Cumberland Farms Project
The project consists of designing and executing plantings to replace or augment what is presently there: two creeping junipers planted in two half whiskey barrel planters.
Update on the project: the first year
Thank you to our generous donors!
William (Frosty) Frost
The bed is 50′ X 4
Blank sketch plan 8.5 X 14 (legal size)
“Hellstrip” plants (Minnesota)
Salt tolerant plants (Wisconsin) pages 6-8 PDF
Plants on hand as of 8-24-16
Dug, potted and/or “heeled in” ready for planting
- 31 assorted daylilies 24” to 48”
- 18 catmint
- 32 Coneflower, assorted heights from 24 to 40 inches
- 1 Globe Thistle “Blue Glow” 40”
- 1 Sea Holly
- 6 asters (red)
- 10 Siberian Iris
Can’t wait to see it next summer!
I cannot WAIT to get our hands on the “Cumby non-garden”! This non-garden is, for many who drive into town on Bridge, a non-welcome to the Town of Fairlee. Perhaps day lilies?
Some super hardy salt and drought resistant plants are:
Daylilies, Siberian Iris, Catmint, sedum, coneflower. One advantage of daylilies and siberian iris is that they are pretty much free and unkillable. I know I have way too many siberian iris myself.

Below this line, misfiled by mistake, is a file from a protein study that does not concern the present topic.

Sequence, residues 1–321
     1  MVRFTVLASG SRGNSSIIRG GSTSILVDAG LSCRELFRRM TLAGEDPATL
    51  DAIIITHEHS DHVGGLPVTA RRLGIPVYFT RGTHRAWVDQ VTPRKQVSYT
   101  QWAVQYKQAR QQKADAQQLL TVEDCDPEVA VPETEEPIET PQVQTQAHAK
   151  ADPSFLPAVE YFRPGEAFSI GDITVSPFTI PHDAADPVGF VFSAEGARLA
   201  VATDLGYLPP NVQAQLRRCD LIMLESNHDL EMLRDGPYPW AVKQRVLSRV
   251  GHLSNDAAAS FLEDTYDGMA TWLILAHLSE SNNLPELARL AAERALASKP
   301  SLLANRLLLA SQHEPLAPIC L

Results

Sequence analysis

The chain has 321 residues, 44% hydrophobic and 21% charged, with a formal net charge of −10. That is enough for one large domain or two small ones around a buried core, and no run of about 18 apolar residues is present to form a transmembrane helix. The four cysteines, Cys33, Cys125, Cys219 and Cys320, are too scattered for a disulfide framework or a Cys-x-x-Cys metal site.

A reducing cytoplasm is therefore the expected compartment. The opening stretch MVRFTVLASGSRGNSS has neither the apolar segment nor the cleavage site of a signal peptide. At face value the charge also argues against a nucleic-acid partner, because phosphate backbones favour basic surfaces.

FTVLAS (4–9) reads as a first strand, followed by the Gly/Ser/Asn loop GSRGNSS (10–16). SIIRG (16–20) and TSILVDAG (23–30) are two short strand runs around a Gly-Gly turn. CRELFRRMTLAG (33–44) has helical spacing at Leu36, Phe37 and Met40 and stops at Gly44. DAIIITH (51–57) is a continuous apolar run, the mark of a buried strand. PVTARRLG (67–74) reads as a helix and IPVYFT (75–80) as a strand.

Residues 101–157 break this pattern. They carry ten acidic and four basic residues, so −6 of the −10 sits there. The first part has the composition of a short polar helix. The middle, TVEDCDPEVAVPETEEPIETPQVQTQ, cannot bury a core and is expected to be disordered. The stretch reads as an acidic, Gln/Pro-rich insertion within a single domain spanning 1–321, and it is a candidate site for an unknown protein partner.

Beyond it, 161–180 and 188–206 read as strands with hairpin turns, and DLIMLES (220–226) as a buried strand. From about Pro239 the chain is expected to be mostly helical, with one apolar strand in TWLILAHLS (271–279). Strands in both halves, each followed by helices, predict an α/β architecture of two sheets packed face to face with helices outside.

Do you envision a mixed planting? We could have some annuals mixed in with the irises and lilies, and maybe more bulbs too.
I’m not sure we want to commit to replacing annuals every year. Bulbs would be good but if you go up there and stick your hand in it the mulch is very thick – about 10 inches, I’d say. Dirt is a long way down so we need to consider that. I don’t see us removing all the mulch – where would we put it?
I consulted with my consultants down at Frost Gardens and the consensus was that if we scooped out like a gallon pot’s worth of mulch and replaced with and equal amount of composted manure for each plant – that would work. Then we can scatter the mulch we took out on top.
I’m concentrating on collecting mostly plants that I can get for nothing, although I did go out and buy a Globe Thistle (salt-tolerant and will give some height behind the planter that’s been swallowed by creeping juniper) and a Sea Holly (also salt tolerant).